In summary, our experimental results show the negative effects of lowering FIT prices. However, the FIT scheme was originally designed so that the purchasing price gradually declines and is finally terminated in 10–20 years as the initial installation costs decrease owing to the economies of scale and technological improvement. Thus, although voluntary contributions played a role, if governments had not introduced a strong stimulating policy such as FIT, renewable energy might not have proliferated as rapidly.

Finally, considering the possibility that motivation crowding out has already occurred during the FIT phaseout process, it is important to introduce a new policy instrument without a break to stimulate renewable energy investments. Feed-in premium (FIP) schemes are expected to succeed FIT. They have already been introduced in some European countries and are at the preparatory stage in Japan. The FIP scheme is designed in conjunction with electric power transaction markets. The premium for the purchasing price will be added to the time-variant market price and will reflect power generation marginal costs. The FIP seems to be more stable and sustainable than FIT as the avoidable power generation costs due to renewable energy will exist for several years, although it may fluctuate and is lower than FIT prices. Further research is essential for designing effective and efficient FIP schemes and avoiding motivation crowding out, as observed in this study.


  1. Argentina’s renewable energy ratio has grown rapidly over the past few years. This growth was not due to FIT but Law No.27191—the law passed by the Argentine Congress in 2015 aimed at promoting renewable energy (KPMG, 2019).

  2. The experiment was programmed and conducted using zTree (Fischbacher, 2007).

  3. Here, the subjects were not informed about the amount of investments or the points earned by the other group members (see Fiala & Suetens, 2017 for the results related to individual and aggregate feedback information in public goods games).

  4. Owing to a programming error, we could not obtain most of the questionnaire data for the 16 subjects in the first session.

  5. The question on the solar frame, which checked whether the subjects were conscious about the solar energy investment, is significant at the 10% level. However, the result of pair-wise comparison using Wilcoxon-rank sum test is not significant at the 10% level for any of the pair-wise comparisons.

  6. One may be interested in the relationship between subject type and the tendency to decrease their contribution with a decrease in the FIT price. We did not find any clear tendency between the subjects’ SVO type and the tendency to crowd out their motivation. However, we found that in HLN and LLN, people who were more conscious of the solar energy frame decreased their contribution more as the block proceeded than those who were not conscious of it. This tendency was not observed in NNN, where the FIT price did not change over rounds.

  7. Another possible explanation for the decrease in average contributions over blocks in treatments with the decreasing FIT price is the change in beliefs about other group members’ contributions. Previous literature has shown a positive correlation between people’s beliefs about other members’ contribution level and their own contribution in the public goods game experiments (c.f., Croson, 2007; Neugebauer et al., 2009; Fischbacher & Gächter, 2010). This experimental evidence was in line with the hypothesis that people are partial conditional cooperators (c.f., Fischbacher et al., 2001; Kocher et al., 2008): they reciprocate partially to others’ contributions. As the marginal benefit of contribution decreases as the FIT price decreases, subjects in this experiment likely lowered their expectation of the contributions by others with the decrease in the FIT price. This, together with the findings from the literature, would suggest lower FIT prices to decrease the average contribution. However, even with the combination of belief and partial conditional cooperation, it is difficult to explain the difference in contribution level in Block 3, where the FIT price was set to zero in all three treatments. To explain this finding, we need further assumptions. An example would be a FIT price history-dependent-belief that expects others to contribute less even at the same FIT price when the FIT price in the previous block was higher than that of the current block.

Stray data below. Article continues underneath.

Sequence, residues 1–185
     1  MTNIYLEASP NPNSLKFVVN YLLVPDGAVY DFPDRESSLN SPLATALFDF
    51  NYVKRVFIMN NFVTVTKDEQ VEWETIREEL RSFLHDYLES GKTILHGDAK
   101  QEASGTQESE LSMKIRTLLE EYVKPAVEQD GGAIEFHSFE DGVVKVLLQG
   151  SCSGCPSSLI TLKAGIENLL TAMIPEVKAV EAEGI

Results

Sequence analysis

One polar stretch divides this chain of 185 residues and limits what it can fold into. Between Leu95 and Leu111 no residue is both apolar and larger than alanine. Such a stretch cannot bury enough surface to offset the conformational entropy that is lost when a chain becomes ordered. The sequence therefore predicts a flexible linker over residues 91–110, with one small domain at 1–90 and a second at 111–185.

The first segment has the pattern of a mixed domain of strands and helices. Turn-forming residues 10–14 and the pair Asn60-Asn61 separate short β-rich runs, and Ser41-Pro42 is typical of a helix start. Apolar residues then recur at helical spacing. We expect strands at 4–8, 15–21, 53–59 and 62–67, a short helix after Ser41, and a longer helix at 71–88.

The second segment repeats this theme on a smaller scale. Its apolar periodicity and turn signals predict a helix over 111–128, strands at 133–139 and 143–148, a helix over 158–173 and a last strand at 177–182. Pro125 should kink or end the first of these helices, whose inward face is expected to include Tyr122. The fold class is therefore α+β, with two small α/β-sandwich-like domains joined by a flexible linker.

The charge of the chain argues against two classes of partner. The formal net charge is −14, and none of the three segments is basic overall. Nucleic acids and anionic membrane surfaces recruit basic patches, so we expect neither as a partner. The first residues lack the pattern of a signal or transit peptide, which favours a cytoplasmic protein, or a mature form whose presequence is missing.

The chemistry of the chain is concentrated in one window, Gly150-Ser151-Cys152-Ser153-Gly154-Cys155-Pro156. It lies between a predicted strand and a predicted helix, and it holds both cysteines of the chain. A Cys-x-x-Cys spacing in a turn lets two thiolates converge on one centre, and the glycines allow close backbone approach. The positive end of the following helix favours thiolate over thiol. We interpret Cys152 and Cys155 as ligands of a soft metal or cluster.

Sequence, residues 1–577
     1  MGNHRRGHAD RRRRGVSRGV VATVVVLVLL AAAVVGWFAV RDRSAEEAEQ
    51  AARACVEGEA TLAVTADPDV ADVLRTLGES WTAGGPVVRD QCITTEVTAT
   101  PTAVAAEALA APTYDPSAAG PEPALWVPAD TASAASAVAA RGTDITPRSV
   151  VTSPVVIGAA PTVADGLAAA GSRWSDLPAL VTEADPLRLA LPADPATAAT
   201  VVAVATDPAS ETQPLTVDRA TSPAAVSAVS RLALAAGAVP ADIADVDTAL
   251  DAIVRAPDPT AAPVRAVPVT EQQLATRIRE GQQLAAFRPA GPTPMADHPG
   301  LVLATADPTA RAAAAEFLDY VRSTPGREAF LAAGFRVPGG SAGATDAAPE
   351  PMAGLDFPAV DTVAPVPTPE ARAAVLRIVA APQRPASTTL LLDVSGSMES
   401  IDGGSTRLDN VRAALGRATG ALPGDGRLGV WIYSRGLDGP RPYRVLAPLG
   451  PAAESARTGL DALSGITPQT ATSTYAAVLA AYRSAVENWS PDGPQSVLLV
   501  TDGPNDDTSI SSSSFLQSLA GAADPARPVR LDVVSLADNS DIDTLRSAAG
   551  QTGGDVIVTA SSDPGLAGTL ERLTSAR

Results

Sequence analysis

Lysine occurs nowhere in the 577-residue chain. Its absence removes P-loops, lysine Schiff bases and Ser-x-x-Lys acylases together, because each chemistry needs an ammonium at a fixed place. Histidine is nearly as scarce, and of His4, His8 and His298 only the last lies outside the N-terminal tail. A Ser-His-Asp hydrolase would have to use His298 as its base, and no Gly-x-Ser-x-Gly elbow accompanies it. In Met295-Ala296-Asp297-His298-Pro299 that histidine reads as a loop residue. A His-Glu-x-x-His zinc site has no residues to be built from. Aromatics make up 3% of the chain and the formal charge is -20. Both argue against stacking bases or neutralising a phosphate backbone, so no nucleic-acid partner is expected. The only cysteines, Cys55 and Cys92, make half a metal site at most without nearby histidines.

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This experiment was approved by the Ritsumeikan University Ethics Review Committee for Research Involving Human Participants. We are grateful for helpful comments from Takanori Ida at the 2020 Japanese Economic Association Autumn Meeting and to the participants of the 2021 International Workshop for Lab and Field Experiments. This research was supported by the Social System Research Institute, Ritsumeikan University, and JSPS KAKENHI Grant number 15k00645.

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A Appendix: additional figures and tables

A Appendix: additional figures and tables

Table 5 Summary statistics of the main variables asked in the post-experiment questionnaire

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Maekawa, J., Shimada, K. & Takeuchi, A. Sustainability of renewable energy investment motivations during a feed-in-tariff scheme transition: evidence from a laboratory experiment. JER 73, 83–101 (2022).

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  • Feed-in-tariff scheme
  • Renewable energy
  • Public goods game
  • Laboratory experiment
  • Motivation crowding out